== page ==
An Introduction to the Theory of Knowledge

By Nicholas Rescher

Subjects: Epistemology
Series: SUNY series in Philosophy
Paperback : 9780791458129, 424 pages, October 2003
Hardcover : 9780791458112, 424 pages, October 2003

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Table of contents




1. Modes of Knowledge


Is Knowledge True Justified Belief?
Modes of (Propositional) Knowledge
Other Basic Principles


2. Fallibilism and Truth Estimation


Problems of Metaknowledge
The Preface Paradox
The Diallelus
An Apory and Its Reconciliation: K-Destabilization
Costs and Benefits
More on Fallibilism
The Comparative Fragility of Science: Scientific Claims as Mere Estimates
Fallibilism and the Distinction Between Our (Putative) Truth and the Real Truth


3. Skepticism and Its Deficits


The Skeptic's "No Certainty" Argument
The Role of Certainty
The Certainty of Logic Versus the Certainty of Life
Pragmatic Inconsistency
Skepticism and Risk
Rationality and Cognitive Risk
The Economic Dimension: Costs and Benefits
The Deficiency of Skepticism


4. Epistemic Justification in a Functionalistic and Naturalistic Perspective


Experience and Fact
Problems of Common-Cause Epistemology
Modes of Justification
The Evolutionary Aspect of Sensory Epistemology
Rational versus Natural Selection
Against "Pure" Intellectualism
The Problem of Error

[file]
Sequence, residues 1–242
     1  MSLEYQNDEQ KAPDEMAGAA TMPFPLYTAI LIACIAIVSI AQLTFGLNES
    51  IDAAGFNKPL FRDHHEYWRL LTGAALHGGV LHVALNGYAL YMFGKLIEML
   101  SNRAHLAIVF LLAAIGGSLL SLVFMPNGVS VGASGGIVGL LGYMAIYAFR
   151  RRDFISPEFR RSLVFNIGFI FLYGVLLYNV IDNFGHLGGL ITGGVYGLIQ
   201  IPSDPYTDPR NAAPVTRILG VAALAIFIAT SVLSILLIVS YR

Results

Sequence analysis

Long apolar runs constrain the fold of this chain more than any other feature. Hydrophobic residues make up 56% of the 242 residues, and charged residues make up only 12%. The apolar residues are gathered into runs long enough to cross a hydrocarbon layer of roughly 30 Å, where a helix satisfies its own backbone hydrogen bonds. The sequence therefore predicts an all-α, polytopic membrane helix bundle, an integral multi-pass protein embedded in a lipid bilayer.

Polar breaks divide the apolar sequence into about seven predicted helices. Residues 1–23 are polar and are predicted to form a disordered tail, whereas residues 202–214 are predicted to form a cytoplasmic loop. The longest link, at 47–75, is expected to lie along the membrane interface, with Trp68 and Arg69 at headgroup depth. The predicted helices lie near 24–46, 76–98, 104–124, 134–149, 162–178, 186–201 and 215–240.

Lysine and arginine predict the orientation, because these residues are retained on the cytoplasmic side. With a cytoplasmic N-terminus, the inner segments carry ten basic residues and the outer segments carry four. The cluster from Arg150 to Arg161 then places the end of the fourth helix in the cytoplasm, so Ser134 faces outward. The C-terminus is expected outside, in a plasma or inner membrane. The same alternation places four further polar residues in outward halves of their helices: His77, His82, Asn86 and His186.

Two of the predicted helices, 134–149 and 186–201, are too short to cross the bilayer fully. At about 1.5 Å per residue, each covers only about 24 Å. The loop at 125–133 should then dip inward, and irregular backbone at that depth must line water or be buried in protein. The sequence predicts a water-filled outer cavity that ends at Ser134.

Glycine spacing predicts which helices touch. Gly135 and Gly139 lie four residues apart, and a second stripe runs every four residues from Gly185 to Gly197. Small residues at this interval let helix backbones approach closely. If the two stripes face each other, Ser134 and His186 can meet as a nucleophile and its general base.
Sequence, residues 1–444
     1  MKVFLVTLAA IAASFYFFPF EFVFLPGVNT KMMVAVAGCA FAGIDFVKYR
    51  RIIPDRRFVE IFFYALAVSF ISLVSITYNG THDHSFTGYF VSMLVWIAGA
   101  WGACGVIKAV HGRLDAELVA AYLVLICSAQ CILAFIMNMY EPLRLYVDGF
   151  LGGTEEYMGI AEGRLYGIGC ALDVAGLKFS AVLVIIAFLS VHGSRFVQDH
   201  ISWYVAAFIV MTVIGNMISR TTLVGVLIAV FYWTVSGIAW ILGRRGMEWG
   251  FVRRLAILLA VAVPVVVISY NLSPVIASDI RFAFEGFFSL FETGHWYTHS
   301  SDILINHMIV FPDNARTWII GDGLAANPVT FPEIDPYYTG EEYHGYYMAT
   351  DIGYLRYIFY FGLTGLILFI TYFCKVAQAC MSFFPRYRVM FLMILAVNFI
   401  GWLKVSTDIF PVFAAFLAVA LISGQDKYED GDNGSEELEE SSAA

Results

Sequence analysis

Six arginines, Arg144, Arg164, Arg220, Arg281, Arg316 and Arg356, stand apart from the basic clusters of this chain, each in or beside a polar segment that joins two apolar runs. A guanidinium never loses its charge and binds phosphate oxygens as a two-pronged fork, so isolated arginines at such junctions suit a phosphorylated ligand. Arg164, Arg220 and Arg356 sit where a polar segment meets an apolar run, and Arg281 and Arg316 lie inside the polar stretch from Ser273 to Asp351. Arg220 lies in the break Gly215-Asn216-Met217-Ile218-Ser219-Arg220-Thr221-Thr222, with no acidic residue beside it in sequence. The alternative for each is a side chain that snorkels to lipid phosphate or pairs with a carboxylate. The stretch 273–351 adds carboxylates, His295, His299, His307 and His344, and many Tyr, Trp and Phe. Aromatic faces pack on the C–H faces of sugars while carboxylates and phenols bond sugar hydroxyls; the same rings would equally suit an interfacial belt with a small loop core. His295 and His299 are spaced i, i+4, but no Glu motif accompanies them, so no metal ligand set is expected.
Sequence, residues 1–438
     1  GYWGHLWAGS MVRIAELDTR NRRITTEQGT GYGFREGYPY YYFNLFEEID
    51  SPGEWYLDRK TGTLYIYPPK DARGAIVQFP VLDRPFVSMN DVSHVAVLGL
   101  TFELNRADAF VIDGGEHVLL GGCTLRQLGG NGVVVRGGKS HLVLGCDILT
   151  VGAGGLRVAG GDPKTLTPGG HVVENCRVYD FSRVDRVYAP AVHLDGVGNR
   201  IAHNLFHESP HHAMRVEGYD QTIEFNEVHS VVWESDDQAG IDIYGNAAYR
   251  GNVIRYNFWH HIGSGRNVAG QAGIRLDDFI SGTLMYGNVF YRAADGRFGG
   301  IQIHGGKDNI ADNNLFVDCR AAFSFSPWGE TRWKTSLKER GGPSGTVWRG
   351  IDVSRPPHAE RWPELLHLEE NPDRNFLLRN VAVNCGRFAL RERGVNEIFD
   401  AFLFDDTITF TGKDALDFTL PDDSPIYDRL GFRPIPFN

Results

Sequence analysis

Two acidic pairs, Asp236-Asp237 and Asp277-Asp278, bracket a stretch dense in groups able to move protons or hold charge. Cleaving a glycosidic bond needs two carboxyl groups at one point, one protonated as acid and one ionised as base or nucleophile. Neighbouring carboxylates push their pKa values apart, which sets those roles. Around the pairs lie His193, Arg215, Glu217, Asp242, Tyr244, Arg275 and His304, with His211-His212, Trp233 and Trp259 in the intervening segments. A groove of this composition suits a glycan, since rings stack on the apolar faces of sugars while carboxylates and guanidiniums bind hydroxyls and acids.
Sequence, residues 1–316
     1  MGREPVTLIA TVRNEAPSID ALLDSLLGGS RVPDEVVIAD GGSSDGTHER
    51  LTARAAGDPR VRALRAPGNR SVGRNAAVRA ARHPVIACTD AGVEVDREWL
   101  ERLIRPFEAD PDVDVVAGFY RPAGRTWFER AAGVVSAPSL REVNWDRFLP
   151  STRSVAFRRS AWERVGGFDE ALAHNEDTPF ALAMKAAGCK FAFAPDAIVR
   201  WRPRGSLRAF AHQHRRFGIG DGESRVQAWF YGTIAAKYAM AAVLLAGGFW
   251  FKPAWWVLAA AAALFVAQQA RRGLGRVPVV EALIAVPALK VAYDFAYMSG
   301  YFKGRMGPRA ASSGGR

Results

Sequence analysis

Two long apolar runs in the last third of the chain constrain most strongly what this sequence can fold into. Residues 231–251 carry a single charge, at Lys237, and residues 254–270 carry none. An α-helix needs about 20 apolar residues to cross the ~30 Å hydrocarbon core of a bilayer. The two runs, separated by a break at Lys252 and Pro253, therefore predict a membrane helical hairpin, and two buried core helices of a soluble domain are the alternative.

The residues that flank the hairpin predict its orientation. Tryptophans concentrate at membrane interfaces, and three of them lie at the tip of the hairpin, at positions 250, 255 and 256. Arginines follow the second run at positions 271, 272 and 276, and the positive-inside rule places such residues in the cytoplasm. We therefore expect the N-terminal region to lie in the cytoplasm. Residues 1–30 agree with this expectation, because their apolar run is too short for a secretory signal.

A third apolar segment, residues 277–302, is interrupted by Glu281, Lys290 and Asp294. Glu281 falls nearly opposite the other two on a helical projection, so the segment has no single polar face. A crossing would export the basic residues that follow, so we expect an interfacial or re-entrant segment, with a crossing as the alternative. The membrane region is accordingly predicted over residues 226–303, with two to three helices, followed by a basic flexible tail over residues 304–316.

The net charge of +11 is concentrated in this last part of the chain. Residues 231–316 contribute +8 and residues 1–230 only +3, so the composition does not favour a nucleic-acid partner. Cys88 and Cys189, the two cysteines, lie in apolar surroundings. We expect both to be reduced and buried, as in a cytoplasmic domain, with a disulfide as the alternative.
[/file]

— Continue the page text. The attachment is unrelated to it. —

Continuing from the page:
5. Plausibility and Presumption


The Need for Presumptions
The Role of Presumption
Plausibility and Presumption
Presumption and Probability
Presumption and Skepticism
How Presumption Works: What Justifies Presumptions


6. Trust and Cooperation in Pragmatic Perspective


The Cost Effectiveness of Sharing and Cooperating in Information Acquisition and Management
The Advantages of Cooperation
Building Up Trust: An Economic Approach
Trust and Presumption
A Community of Inquirers



7. Foundationalism and Coherentism


Hierarchical Systemization: The Euclidean Model of Knowledge
Cyclic Systemization: The Network Model—An Alternative to the Euclidean Model
The Contrast Between Foundationalism and Coherentism
Problems of Foundationalism


8. The Pursuit of Truth: Coherentist Criteriology


The Coherentist Approach to Inquiry
The Central Role of Data for a Coherentist Truth-Criteriology
On Validating the Coherence Approach
Ideal Coherence
Truth as an Idealization


9. Cognitive Relativism and Contextualism


Cognitive Realism
What's Wrong with Relativism
The Circumstantial Contextualism of Reason
A Foothold of One's Own: The Primacy of Our Own Position
The Arbitrament of Experience
Against Relativism
Contextualistic Pluralism is Compatible with Commitment on Pursuing "The Truth"
The Achilles' Heel of Relativism


10. The Pragmatic Rationale of Cognitive Objectivity


Objectivity and the Circumstantial University of Reason
The Basis of Objectivity
The Problem of Validating Objectivity
What is Right with Objectivism
Abandoning Objectivity is Pragmatically Self-Defeating


11. Rationality


Stage-Setting for the Problem
Ideal versus Practical Rationality: The Predicament of Reason
The Problem of Validating Rationality
The Pragmatic Turn: Even Cognitive Rationality has a Pragmatic Rationale
Alternative Modes of Rationality?
The Self-Reliance of Rationality is Not Viciously Circular



12. Scientific Progress


The Exploration Model of Scientific Inquiry
The Demand for Enhancement
Technological Escalation: An Arms Race Against Nature
Theorizing as Inductive Projection
Later Need Not Be Lesser
Cognitive Copernicanism